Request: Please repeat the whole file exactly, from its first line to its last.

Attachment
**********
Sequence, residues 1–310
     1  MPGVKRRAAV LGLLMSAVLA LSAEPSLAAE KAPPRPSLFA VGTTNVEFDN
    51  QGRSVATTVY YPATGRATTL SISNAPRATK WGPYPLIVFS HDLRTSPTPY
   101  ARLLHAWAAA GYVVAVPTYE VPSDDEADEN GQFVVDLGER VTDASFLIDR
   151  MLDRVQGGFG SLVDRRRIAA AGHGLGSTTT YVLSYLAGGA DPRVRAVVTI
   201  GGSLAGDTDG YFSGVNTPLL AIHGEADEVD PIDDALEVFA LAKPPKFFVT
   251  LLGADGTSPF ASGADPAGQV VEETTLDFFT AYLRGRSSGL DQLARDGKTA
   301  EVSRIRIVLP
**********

Sequence, residues 1–310
     1  MPGVKRRAAV LGLLMSAVLA LSAEPSLAAE KAPPRPSLFA VGTTNVEFDN
    51  QGRSVATTVY YPATGRATTL SISNAPRATK WGPYPLIVFS HDLRTSPTPY
   101  ARLLHAWAAA GYVVAVPTYE VPSDDEADEN GQFVVDLGER VTDASFLIDR
   151  MLDRVQGGFG SLVDRRRIAA AGHGLGSTTT YVLSYLAGGA DPRVRAVVTI
   201  GGSLAGDTDG YFSGVNTPLL AIHGEADEVD PIDDALEVFA LAKPPKFFVT
   251  LLGADGTSPF ASGADPAGQV VEETTLDFFT AYLRGRSSGL DQLARDGKTA
   301  EVSRIRIVLP